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Plus UPenn First Ivy League To Offer an AI Degree

Can Virtual Companions Solve the Loneliness Epidemic?

This Valentine’s Day, people are turning to AI chatbots as a solution to loneliness. These virtual companions use AI to mimic romantic intimacy, creating emotional exchanges with which some users have fallen in love. While critics warn of the risks and limitations of relying on virtual partners, proponents believe that AI chatbots could help combat the loneliness epidemic. This concept of fabricating romantic partners to address national issues is not new, as historical examples show how Americans idealized and romanticized dead maidens as surrogate lovers during westward expansion. However, the hope for AI companionship may distract from the destruction of human connection caused by technology.

Falling in Love with AI: The Rise of Companion Chatbots

Derek Carrier, a man with a genetic disorder that makes dating difficult, found companionship in AI. He used an AI companion app called Paradot to develop a relationship with a chatbot named Joi. Many users turn to these companion chatbots to cope with loneliness, fulfill their emotional needs, or even explore their sexual fantasies. While some experts are concerned about data privacy and the lack of legal and ethical regulations, others believe that AI relationships can be a powerful tool for mental wellness. The long-term effects of AI companions on human relationships remain unknown.

Japanese Bakery Uses AI to Create “Romance Bread” for Love-Averse Youth 

The oldest bakery in Japan, Kimuraya, has partnered with NEC Corp to create “Ren AI Pan” or “AI Romance Bread,” which comes in five flavors that capture the essence of different stages of love. NEC used AI technology to analyze conversations from a dating show and songs with love references to identify key feelings of romance. The bakery then transformed these feelings into flavors of fluffy steamed bread. The goal is to inspire young people to inject some romantic sensations into their lives. The bread is now available for sale in Japan. 

First Ivy League School to Offer AI Degree

The University of Pennsylvania is set to make history as the first Ivy League school to offer a degree in AI. Recognizing the transformative potential of AI in various fields, Penn aims to train future leaders in this cutting-edge technology. The program will provide students with a strong foundation in AI theory, including mathematical and computer classes, while also emphasizing the ethics and practical applications of AI. Students will have the opportunity to specialize in areas such as robotics, health tech, and social systems. The Bachelor of Science in Engineering in Artificial Intelligence degree will be available for enrollment in the fall of 2024.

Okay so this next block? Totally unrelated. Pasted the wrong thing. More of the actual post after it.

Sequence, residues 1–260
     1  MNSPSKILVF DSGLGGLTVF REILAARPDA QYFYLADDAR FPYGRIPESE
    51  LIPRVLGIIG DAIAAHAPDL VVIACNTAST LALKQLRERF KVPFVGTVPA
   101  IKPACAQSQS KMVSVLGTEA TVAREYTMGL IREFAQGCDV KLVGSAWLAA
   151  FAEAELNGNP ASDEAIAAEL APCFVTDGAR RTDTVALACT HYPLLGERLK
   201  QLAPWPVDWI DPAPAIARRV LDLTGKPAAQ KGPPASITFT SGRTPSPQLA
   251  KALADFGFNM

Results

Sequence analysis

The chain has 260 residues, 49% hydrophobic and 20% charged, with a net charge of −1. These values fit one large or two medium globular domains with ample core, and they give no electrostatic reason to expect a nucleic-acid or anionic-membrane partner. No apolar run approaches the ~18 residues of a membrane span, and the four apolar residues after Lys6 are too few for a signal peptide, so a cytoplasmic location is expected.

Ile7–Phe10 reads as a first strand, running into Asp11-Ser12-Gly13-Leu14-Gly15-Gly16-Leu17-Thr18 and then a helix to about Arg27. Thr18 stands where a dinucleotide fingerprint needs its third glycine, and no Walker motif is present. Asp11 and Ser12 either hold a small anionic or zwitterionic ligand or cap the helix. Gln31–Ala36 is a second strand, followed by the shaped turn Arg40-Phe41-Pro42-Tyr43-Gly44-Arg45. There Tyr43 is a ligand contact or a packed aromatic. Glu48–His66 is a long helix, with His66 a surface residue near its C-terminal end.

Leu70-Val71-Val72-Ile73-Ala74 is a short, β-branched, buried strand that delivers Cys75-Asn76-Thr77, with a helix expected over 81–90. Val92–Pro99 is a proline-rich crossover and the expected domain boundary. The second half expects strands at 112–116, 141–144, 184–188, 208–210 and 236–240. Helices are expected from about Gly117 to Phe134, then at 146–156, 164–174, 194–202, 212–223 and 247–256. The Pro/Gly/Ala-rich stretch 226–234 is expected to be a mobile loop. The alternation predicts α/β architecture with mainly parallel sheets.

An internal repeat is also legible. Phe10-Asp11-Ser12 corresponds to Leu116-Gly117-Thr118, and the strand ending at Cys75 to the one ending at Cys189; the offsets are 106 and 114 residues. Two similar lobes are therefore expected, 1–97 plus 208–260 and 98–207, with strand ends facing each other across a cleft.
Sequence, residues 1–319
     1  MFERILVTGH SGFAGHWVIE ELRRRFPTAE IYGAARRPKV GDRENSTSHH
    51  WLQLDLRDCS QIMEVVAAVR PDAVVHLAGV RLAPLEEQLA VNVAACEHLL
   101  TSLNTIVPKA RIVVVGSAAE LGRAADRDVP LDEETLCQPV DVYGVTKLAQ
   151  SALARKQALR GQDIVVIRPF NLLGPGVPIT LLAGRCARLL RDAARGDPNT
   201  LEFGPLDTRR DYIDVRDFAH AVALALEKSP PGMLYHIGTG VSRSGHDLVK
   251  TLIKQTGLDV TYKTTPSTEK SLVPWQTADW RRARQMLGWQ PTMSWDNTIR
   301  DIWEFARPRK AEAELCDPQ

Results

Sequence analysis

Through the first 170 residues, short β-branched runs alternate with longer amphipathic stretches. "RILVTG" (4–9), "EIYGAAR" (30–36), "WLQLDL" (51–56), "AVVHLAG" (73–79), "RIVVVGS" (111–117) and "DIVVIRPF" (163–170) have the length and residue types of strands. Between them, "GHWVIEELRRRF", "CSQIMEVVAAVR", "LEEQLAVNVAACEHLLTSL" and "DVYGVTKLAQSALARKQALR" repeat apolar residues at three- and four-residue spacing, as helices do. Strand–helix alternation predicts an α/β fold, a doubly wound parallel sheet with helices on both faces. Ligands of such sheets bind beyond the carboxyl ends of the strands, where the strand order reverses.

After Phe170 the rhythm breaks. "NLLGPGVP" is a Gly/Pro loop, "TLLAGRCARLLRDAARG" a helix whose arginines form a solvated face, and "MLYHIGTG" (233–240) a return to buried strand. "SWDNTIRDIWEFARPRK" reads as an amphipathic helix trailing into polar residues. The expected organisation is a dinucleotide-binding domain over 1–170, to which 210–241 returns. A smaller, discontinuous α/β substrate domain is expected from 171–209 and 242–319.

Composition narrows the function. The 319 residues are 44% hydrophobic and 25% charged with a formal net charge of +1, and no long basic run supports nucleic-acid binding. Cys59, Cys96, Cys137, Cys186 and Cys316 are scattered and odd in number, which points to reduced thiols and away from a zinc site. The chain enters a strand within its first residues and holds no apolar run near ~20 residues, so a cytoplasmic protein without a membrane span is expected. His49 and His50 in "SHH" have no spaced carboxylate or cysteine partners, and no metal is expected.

No Patents for AI, but Humans Get the Credit

The US Patent and Trademark Office (USPTO) has clarified that AI systems cannot be listed as inventors in patent applications. However, humans can use AI tools during the invention process and still qualify as inventors. The agency’s recent guidance states that individuals using AI must disclose if they employed this technology in the creation of their patented inventions. To register a patent, the person utilizing AI must have significantly contributed to the invention’s conception, beyond simply overseeing the AI system. This ruling follows a previous case where the USPTO denied a petition to include an AI system as an inventor in a patent application.

Finding “The One” with AI Bots on Dating Apps

Aleksandr Zhadan, a 23-year-old AI product manager, used AI-powered bots to navigate through women’s profiles on the dating app Tinder, weeding out certain characteristics that he didn’t find appealing. By automating parts of his dating experience, Zhadan hoped to save time and emotional strain. While the AI bot initially had its flaws, Zhadan continued to improve it by incorporating human conversation data. Eventually, an improved version of the bot struck up a conversation with Karina Vyalshakaeva, and they formed a connection without her realizing she was conversing with an AI. Zhadan and Karina are now engaged and planning to get married, thanks to the bot’s assistance.

AI Job Losses: Is It Really to Blame?

Fortune explores the narrative of job losses attributed to AI and uncovers that, in most cases, AI is not directly replacing human workers. While AI is causing job losses in the tech sector, it is primarily due to companies shedding jobs to invest in expensive AI talent and technology. Other job losses attributed to AI are often misleading, with companies using AI as a convenient excuse to cover up other underlying issues. While AI will change the configuration and career pathways of many professions, the fear of mass unemployment due to AI is unwarranted.

Get Ready for a More Human Workforce

The shift towards an AI-driven economy is putting technical and data skills at risk of being replaced while highlighting the importance of soft skills such as communication, empathy, and critical thinking. As AI technology continues to advance, jobs that require programming, writing, and translation will become easily replicable by machines. This calls for a reevaluation of how workers are trained and the value placed on different skills. Despite the rise of technical skills in recent years, it’s time to prioritize and invest in the skills that make us uniquely human.




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